By | Dave Ulrich | Speaker, Author, Professor, Thought Partner on HR, Leadership, and Organization
In our two-week Advanced HR Executive Program (AHREP) at the University of Michigan, faculty presented over 950 PowerPoint slides and participants walked away with over 10 books. At the end of the two weeks, participants learned how HR can create value by:
Skim quickly these 20 emerging HR trends and takeaways:
- Defining strategy as competitiveness and answering the questions: where to compete and how to win
- Creating HR value from the outside/in with customers, investors, and communities
- Reimagining the future of work through technology and digital HR
- Providing a framework for human capability as talent, leadership, organization, and HR
- Clarifying HR’s role in shaping the “right” culture from the outside in (identity in the mind of customer made real to employees)
- Recognizing that “organization capability” has four to six times the impact on stakeholder outcomes than “individual competence” and doing capability audits
- Understanding strategic HR to turn business strategy into HR priorities through a seven-step process (BE SO I AM)
- Managing information as a capability and decision tool
- Achieving HR transformation with nine dimensions that improve business results
- Doing strategic workforce planning (matching person to position)
- Understanding executive compensation/rewards as communication
- Performance planning for your HR function and direct reports
- Applying a talent formula (competence * commitment * contribution) to create a menu of talent choices
- Responding to topical talent issues like employee mental health/experience, DEI, great resignation, skills shortage, hybrid work
- Helping HR become a Humanitarian Response (HR) partner
- Upgrading HR competencies that have impact on personal effectiveness, stakeholder value, and business results and improving personal skills based on 360
- Creating agility through making change happen, both culturally with virus analysis and in a disciplined way with a pilot’s checklist
- Building sustainable leadership skills in today’s changing world
- Understanding leadership capital for investor value
- Having a personal leadership brand connected to customers
In an important 3-day virtual workshop, HR professionals accessed over 300 sessions with 600 speakers,
In curating HR insights, David Green (Insight222.com), Sian Harrington (thepeoplespace.com), Mihaly Nagy (HR-Congress.com), Chris Rainey (HRLeaders.co), Tom Haak (hrtrendinstitute.com), Debbie McGrath (hr.com), Josh Bersin (joshbersin.com), David McLean (hr.mclean.com), and any many more thoughtful colleagues offer podcasts, LinkedIn posts, webinars, and consulting reports proffering latest HR ideas, tools, experiences, and actions.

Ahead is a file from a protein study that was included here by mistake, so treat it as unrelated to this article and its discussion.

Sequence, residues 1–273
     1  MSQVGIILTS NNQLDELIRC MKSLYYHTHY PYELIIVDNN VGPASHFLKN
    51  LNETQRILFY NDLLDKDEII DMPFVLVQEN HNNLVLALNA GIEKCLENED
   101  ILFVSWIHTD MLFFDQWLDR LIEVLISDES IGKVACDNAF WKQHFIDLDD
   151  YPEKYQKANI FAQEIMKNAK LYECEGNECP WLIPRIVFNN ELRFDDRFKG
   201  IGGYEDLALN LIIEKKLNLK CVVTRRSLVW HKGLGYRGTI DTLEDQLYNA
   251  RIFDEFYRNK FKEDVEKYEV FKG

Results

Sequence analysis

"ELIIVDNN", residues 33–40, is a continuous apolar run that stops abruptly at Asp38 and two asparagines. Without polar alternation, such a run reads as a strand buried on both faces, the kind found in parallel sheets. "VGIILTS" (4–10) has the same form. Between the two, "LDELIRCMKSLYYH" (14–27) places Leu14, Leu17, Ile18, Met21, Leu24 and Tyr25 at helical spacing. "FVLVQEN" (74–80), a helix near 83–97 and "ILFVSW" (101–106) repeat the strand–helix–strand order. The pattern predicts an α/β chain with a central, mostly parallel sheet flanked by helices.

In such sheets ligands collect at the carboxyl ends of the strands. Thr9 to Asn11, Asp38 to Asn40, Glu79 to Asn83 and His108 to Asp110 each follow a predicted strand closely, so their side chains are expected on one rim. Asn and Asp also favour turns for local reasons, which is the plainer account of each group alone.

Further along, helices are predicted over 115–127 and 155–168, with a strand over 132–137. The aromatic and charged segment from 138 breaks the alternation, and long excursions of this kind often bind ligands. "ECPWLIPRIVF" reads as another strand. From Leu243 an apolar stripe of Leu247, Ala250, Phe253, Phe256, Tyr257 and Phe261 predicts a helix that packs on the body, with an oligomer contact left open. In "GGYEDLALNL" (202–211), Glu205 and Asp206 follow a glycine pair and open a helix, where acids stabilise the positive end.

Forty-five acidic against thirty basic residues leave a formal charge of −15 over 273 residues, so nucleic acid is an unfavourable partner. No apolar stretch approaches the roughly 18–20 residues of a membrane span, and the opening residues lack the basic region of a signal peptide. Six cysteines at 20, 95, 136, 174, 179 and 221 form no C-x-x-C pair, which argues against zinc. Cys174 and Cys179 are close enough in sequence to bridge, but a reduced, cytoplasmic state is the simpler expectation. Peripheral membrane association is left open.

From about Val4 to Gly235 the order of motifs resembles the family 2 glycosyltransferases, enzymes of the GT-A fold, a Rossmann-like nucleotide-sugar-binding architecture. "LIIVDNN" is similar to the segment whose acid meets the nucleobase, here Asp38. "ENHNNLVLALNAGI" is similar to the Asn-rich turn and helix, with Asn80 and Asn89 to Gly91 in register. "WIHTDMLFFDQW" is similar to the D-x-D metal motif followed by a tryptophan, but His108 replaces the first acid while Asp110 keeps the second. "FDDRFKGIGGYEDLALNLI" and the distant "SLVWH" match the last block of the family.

Indeed, the HR field is filled with ideas.
Research clearly states that focused attention delivers better results than disparate actions. It is better to open 50 stores in one state than one store in each of the 50 US states. It is better to spend most of an advertising budget in one month than to disperse it across 12 months. It is better to have 3 to 4 priorities than 9 or 10.
How can business and HR leaders prioritize and filter this (pick your word: plethora, tsunamic, deluge, abundance, glut) of ideas into focused impact?
1. Create an integrated framework to organize disparate ideas.
Frameworks form the foundation for action in any discipline. In the diet world, there are four food groups in a balanced diet (fruits and vegetables, meats and proteins, dairy, and grains). Every diet option builds off this fundamental framework.
Likewise, business frameworks organize and shape a field.
- The Treadway Commission frames four categories of risk: compliance, strategic, operational, and financial.
- Michael Porter’s Five Forces frame a company’s competitive environment: competition, the potential of new entrants, supplier power, customer power, and product substitution.
- GAAP reporting has evolved dramatically; but was originally framed around income statements, balance sheets, and cash flow statements.